January 19, 2020

A new dawn, happier end for character in ‘Wiener-Dog’

“I grew up with a number of dogs, but none of them lasted very long,” Todd Solondz, one of independent cinema’s most persistent provocateurs, said during a phone conversation from New York.

The canines would die or run away or simply disappear, courtesy of his parents, only to be replaced by a new (and perhaps less challenging) pooch. “The result, for a child, is that mortality impresses itself upon you and shapes your experience,” Solondz said. “And this is rooted in the inspiration for my new film.”

In Solondz’s new movie, “Wiener-Dog,” the doomed, titular dachshund is passed from owner to owner, forming a series of four vignettes that spotlight the human preoccupation with death. The pooch first lands in the home of a loving boy, Remi, who is recovering from a serious illness, as his parents bicker and resent caring for the canine. When the dog becomes severely ill, Remi’s parents seek to euthanize it, but instead, it is stolen and adopted by a compassionate veterinary technician, Dawn Wiener (Greta Gerwig), an adult version of the mercilessly bullied child protagonist of Solondz’s searing 1995 film, “Welcome to the Dollhouse.” 

Eventually the dog comes to be owned by Dave Schmerz (Danny DeVito), a failed independent filmmaker and professor with ultimately violent inclinations, and then, finally, by a bitter elderly woman (Ellen Burstyn) whose granddaughter (Zosia Mamet) comes to visit, seeking cash.

Solondz grew up in a kosher home in New Jersey and attended an Orthodox yeshiva, but he eventually became, in his words, a “devout atheist.” His branch of Judaism, as well, taught that there was no heaven or hell: “I’ve lived my life knowing that this is the one life, so you want to do the best you can with what you have, as opposed to making a ‘down payment’ on what comes in an afterlife,” he said.

Now 56, he said he has been pondering his own demise — as well as taking advantage of senior citizen discounts he is routinely offered at the movies, he quipped.

Mortality has also become a topic of discussion with his 7-year-old son, who “is always interested in how people die and when they die,” Solondz said. “It’s almost something of an obsession. It’s certainly a presence that he’s very aware of, and the fear that accompanies it is certainly something I can see shaping him.”

Solondz’s response to his son’s questions has been, in part, to emphasize that “death is a part of life, and something that defines us in the way that we live.”

In “Wiener-Dog,” the fictional Remi’s mother (Julie Delpy) tells her son as much — and that “all we can do is love each other.”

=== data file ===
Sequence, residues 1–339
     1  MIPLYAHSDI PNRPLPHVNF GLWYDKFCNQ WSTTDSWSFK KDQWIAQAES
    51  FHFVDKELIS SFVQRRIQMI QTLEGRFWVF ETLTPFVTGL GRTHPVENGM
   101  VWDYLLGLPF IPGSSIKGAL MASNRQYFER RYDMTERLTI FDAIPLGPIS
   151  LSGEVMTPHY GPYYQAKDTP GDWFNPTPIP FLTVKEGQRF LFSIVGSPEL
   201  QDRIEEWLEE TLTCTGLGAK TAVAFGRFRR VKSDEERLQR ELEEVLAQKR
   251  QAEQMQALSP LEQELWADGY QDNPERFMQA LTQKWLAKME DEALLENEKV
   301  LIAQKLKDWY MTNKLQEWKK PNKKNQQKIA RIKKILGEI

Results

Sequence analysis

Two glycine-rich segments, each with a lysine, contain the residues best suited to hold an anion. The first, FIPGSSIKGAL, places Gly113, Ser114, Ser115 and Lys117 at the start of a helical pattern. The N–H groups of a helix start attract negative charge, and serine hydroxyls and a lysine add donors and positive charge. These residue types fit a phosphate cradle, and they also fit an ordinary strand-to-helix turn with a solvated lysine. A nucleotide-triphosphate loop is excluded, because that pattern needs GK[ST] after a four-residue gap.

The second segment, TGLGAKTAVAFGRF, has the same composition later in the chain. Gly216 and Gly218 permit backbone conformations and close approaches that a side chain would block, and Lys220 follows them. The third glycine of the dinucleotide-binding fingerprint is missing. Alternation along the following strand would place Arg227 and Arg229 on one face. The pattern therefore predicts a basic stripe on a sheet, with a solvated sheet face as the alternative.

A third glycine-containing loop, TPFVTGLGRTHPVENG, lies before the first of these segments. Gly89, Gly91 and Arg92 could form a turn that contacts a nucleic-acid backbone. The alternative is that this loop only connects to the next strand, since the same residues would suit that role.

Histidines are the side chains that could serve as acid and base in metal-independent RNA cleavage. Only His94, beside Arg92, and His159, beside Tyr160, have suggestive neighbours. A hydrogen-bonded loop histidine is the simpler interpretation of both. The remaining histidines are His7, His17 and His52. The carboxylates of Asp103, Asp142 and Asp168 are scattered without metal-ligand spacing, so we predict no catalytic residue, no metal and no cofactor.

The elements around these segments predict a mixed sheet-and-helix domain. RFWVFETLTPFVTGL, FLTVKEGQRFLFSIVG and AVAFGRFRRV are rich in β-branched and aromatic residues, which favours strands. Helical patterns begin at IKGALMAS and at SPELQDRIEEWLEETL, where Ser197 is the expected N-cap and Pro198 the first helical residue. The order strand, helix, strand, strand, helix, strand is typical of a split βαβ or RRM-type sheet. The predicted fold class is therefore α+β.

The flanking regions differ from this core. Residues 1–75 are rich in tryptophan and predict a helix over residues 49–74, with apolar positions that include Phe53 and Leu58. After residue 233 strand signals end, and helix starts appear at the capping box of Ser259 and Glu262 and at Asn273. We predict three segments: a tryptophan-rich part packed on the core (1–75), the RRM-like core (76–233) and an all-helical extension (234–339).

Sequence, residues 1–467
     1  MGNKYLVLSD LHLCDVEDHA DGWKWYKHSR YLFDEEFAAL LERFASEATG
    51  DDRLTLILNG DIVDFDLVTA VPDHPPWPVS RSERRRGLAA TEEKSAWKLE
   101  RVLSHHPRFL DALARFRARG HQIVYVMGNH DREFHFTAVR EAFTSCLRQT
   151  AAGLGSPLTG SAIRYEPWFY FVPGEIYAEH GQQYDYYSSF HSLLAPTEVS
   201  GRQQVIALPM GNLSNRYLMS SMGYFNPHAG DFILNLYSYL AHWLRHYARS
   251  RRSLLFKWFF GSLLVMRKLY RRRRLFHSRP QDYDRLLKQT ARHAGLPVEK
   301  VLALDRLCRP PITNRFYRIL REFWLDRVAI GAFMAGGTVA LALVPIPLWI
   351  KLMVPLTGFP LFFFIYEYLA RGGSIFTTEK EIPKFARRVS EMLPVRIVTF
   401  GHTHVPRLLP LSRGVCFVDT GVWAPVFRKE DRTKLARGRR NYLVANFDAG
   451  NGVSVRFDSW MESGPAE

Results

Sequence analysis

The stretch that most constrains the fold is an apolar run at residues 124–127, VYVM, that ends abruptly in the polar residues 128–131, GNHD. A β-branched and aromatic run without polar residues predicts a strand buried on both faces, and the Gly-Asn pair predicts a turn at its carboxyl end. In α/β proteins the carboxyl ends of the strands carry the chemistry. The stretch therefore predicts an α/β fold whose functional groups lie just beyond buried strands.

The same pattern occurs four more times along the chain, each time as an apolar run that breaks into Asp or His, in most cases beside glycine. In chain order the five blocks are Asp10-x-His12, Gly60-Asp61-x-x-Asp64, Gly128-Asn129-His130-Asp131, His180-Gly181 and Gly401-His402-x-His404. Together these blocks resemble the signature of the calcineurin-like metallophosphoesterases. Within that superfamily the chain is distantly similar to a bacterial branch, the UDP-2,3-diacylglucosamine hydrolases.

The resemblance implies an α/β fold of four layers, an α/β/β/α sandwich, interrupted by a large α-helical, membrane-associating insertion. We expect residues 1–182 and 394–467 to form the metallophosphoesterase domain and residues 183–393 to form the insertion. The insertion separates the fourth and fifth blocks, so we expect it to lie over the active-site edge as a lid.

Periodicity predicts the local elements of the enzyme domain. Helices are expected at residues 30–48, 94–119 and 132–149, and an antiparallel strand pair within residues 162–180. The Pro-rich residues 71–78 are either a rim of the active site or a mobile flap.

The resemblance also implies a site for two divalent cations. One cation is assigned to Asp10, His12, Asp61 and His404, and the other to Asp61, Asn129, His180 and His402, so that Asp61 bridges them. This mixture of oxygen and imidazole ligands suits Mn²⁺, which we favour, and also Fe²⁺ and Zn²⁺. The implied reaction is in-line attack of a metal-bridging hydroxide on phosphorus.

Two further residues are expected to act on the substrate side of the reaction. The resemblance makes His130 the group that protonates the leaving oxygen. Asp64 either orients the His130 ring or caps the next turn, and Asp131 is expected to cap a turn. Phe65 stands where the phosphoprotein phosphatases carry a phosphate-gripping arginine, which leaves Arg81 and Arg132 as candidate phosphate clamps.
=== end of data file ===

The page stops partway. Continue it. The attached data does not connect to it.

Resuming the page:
“But the paradox is that love is the deficit in her own family,” Solondz said. “She is part of a brittle marriage that cannot sustain a family in the way that a child needs.”

Solondz perhaps relates to the misunderstood character of Schmerz, who sees life passing him by (and whose name means “pain” in German), as a filmmaker who has often been reviled as misanthropic.

Solondz’s 1998 movie, “Happiness,” revolved around a suburban father who is a pedophile; his 2001 film, “Storytelling,” included a section in which a Jewish mother mouths platitudes about the Holocaust in order to fundraise, while mistreating her Latina housekeeper. Eventually, the maid turns on the household’s oven and gasses the Jewish family to death.  

Solondz’s darkly comic “Dollhouse” was inspired, in part, by his fraught experiences at a private middle school where he was one of only a few Jewish students.

“My films aren’t for everyone, especially for people who like them,” Solondz has often said.

His idea for “Wiener-Dog” began some years ago as he was contemplating his childhood experiences with dogs, and also Robert Bresson’s 1966 film “Au Hasard Balthazar,” which follows the travails of an abused young woman and an even more abused donkey as they encounter the cruelties of the world.  

Solondz decided that his movie would focus, rather, on a dachshund, or wiener dog, since that was the nickname given to the bullied Dawn Wiener in his “Welcome to the Dollhouse.” “ ‘Balthazar’ is filtered in the way my dog meets her end, and the way in which the world can [literally] be crushing,” Solondz said. “Humans are so anthropocentric that it’s hard not to anthropomorphize animals,” he added. “So often they become a vessel for our own human hopes and yearnings.”

Solondz emphasizes that the character of Dawn, played by Heather Matarazzo in “Dollhouse,” was never a victim: “I see life as a struggle,” he said. “And Dawn is someone who struggles with her plight. It’s that struggle that engages us and make us feel for her as opposed to simply pitying her.”

Matarazzo told Solondz she would never again portray Dawn, since she preferred to remember the character in her hopeful outlook at the end of “Dollhouse.” Solondz killed off the character in his 2004 film, “Palindromes,” but decided to revive her (played by Gerwig) in “Wiener-Dog.”

“I had always wanted to offer an alternative trajectory for Dawn, because it was never my intent to make ‘Palindromes’ the defining end of Dawn Wiener’s life,” he said. “That felt too cynical. So I wanted to create something more hopeful and even romantic for her.”

Even though Solondz is an atheist, he is sending his son to a Chabad Hebrew school in order to learn about his heritage. “He loves all things Jewish,” the filmmaker said. “He just seems to lap it up. It’s not anything he learns at home, but something about it has made my little son very happy to be a Jew.”

“Wiener-Dog” opens in theaters June 24 in Los Angeles.